He instilled the dynamic of reducing verbal intonations (decibel levels) lower than the person we were confronting on crime scenes, traffic crash investigations, etc. The theory always applied well, essentially de-escalating any perceived or blatant hostility. Human traits abound.
As a cop, the public calls expecting you to take charge. The aforementioned technique was the quietest way to achieve such a goal, mostly without fail. There existed a minority who seemingly refused to “get it”, loved to hear themselves bark aloud, and demanded attention. To some extent, they achieved their mark; they were given attention, just not exactly the brand for which they hoped.
It is amazing how handcuffs, when applied lawfully, can simmer barking to a near-whisper. Then again!
Police Academy 101 always harped on how it will always be a police officer’s job to “de-escalate, never escalate!”
Perishable Skills Need Chronic Exercise and Practice
Thirdly, I learned how “perishable skills” such as firearms acuity, physical fitness, self-defense, equipment maintenance, and legal knowledge application updates often fade if not harnessed with utter discipline. The police officers who often nagged about having to attend mandatory firearms qualification events, who exhibited unkempt weapons, and who shot poorly were often those who cared far less than they should have in this imperative skill, especially as it pertains to cops’ expected performance.
Take care of your perishable skills and your skills will take care of you and the public to whom we swore an oath of service.
Positive Interactions Provide Dividends
Next in terms of importance in my police career are the interactions among the general public. On myriad occasions I was ripe with elation when investigations came together, often with the help of the citizenry who knew my altruism, authenticity, objectivity in solving equations, and fortitude in realizing results. A win-win proposition ensued when positive relations are galvanized.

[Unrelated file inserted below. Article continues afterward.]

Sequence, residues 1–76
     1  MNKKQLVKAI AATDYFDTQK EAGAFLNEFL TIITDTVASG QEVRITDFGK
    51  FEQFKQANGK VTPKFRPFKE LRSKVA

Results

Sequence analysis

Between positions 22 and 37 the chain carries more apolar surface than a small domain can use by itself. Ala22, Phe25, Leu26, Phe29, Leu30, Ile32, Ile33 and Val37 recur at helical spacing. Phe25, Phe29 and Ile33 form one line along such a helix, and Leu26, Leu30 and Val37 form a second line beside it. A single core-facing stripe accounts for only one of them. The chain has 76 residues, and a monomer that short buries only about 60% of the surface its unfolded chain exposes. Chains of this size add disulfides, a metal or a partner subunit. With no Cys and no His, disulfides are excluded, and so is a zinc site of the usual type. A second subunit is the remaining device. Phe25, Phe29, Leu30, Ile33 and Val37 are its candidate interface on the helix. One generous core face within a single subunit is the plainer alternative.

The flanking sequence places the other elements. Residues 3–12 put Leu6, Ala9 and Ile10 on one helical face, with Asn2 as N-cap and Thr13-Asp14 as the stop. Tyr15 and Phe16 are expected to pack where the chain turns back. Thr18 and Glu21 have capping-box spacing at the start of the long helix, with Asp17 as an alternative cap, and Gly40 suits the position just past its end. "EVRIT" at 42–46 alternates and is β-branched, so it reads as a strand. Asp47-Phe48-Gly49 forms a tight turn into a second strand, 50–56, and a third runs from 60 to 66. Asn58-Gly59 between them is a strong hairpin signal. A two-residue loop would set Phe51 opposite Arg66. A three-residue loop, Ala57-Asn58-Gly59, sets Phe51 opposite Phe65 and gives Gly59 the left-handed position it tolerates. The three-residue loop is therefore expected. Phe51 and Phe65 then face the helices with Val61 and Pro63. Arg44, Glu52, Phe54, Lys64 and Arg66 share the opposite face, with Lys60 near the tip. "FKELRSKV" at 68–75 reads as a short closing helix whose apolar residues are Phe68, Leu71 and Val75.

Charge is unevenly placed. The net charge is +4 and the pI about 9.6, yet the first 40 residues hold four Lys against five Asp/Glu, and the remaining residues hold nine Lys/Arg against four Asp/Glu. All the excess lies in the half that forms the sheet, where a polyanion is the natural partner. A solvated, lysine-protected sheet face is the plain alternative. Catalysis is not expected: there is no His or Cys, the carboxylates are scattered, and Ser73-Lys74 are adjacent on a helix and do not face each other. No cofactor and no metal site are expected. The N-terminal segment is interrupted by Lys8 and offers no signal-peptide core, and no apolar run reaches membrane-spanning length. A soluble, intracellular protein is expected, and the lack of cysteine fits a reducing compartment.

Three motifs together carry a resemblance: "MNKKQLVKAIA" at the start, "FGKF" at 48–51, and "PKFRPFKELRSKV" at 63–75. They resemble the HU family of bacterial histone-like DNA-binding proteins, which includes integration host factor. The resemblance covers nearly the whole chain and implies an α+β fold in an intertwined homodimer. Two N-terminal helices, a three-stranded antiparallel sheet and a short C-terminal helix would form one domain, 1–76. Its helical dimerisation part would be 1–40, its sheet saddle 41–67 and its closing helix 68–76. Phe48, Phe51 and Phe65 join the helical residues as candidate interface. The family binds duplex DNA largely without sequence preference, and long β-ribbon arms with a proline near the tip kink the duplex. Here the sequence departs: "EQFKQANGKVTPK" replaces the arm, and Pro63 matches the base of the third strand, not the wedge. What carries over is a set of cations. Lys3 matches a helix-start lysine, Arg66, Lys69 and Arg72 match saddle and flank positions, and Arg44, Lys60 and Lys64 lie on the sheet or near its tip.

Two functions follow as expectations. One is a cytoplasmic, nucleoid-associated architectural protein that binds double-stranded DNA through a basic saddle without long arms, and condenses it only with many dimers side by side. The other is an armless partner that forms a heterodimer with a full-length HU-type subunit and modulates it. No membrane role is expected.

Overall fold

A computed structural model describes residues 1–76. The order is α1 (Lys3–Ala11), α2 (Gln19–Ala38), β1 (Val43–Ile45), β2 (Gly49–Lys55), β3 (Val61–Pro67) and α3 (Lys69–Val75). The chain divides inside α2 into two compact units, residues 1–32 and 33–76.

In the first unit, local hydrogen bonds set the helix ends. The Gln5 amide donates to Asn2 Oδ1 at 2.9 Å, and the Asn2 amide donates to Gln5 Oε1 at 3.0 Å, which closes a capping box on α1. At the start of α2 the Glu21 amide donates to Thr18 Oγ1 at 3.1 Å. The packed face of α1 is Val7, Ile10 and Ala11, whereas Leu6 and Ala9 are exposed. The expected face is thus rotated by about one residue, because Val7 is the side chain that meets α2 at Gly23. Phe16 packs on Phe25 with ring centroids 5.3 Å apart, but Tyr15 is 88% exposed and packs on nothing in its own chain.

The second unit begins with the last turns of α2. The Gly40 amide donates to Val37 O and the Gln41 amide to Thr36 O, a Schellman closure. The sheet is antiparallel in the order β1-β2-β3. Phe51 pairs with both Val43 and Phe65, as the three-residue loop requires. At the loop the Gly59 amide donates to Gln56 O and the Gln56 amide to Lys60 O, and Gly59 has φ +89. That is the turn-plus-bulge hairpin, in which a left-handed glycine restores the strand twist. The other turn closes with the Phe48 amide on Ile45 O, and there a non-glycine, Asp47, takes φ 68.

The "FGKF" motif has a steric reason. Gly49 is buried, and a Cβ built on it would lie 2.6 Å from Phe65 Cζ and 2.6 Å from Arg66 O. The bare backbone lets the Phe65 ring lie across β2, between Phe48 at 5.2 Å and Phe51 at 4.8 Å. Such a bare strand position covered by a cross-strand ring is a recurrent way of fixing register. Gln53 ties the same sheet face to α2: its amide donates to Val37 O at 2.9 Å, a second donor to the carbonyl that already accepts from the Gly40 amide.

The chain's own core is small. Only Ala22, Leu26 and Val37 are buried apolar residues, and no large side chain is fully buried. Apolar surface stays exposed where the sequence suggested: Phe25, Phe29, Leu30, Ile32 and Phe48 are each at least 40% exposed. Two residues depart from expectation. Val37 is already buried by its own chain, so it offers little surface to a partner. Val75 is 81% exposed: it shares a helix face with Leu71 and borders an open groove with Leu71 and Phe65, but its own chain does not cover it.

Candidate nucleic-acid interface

Reputation is paramount, especially in law enforcement. The public can easily observe the uniform, it is the one who wears it responsibly the citizens seek out confidently, graciously, and astutely. Reputation always precedes, and blemishes remain. Thus due diligence is paramount.
Camaraderie is Pervasive and to be Cherished
Lastly, my vast exposure to camaraderie among my police family lifted me up and cast me far beyond many obstacles in life. Deeply-entrusted interactions among police officers remains largely a true requisite; after all, we ensure each others’ survival rate so that each of us goes home to respective spouses, children, neighbors, and pets.
My police colleagues literally and figuratively carried me through years of cancer affliction, through cancer treatments, and thereafter each surgery maintained my family and property through inexplicably arduous times.
Although cancer effectively concluded my career as a street cop, I regret nothing throughout my tenure wearing police blue, adorned with shiny hardware, and the weight of a duty belt equipped with the tools endemic to law enforcement.
Bestowed as the “Police Officer of the Year” is a lasting, true pinnacle for me, stemming from the many lessons to which I ascribe, delineated above. My nomination was largely based on myriad deeds of humanitarianism, when I thought none of my police partners (or others) were observing.
Perhaps not learned via experiences as a street cop, but certainly honed by the opportunity to serve the public as a policeman, I gleaned and attributed much from these aforementioned lessons.
Deeply-rooted reliance among members of paramilitary organizations, such as law enforcement agencies, is a key ingredient to safety, efficacy, remedy, and survivability. Personally, each of these five categorical lessons, among many others, transcend professional boundaries and extend into the personal arena.
For the many years in service as a policeman, I am grateful for all of the experiences I was afforded, and indelibly I practice these special traits today. Repletely, I teach my children these same lessons so that they have many more successful tomorrows.